WTWIt’s actually pulling. The paint is so heavy that it’s not dripping as it does in abstract expressionism; the paint is literally a physical object pulling down and then stopping in this kind of organic form. I then had to decide whether I could dissolve it enough to the point where I could handprint what I was perceiving as abstract. The symbolic nature of the hand, and specifically the symbolic nature of the hand in relation to some of my experiences. In particular, I grew up with the notion of “laying on the hands.” This was specifically practiced by the elderly women in the church and occasionally by the men. As they walked by, they would touch the kids. They might touch a shoulder, for example. It’s a ritual that allowed church members of different generations to come together. The people who were laying on the hands weren’t necessarily from the same biological family—but they were from a larger, spiritual family. And as I was painting, the ritual kept coming into my mind. The hand began to emerge in relation to communication and to the ancestral or heritable idea.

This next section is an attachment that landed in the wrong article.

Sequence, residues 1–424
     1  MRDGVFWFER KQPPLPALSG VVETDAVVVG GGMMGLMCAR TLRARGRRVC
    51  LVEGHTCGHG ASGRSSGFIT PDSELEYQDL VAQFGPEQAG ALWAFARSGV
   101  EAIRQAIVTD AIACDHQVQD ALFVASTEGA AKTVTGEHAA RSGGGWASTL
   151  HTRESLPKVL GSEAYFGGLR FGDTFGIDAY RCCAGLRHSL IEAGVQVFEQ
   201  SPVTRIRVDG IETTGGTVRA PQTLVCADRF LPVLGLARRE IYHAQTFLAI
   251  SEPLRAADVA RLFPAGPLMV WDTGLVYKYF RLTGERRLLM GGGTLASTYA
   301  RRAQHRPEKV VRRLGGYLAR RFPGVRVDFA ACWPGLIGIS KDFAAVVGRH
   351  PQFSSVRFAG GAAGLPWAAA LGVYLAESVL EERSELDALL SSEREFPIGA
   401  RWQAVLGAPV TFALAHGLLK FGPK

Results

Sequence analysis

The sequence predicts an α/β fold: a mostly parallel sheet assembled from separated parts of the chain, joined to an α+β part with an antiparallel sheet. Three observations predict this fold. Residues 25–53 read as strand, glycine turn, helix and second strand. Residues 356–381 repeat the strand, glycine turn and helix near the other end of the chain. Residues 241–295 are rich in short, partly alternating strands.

MHAnd the handprint on the painting belonged to your own child. I know you’re thinking about the idea more broadly and culturally; still it was your own child touching your work and being part of it.
WTWVery much so. Very much so.
MHWhich is beautiful because I know you’re a very devoted father to these children.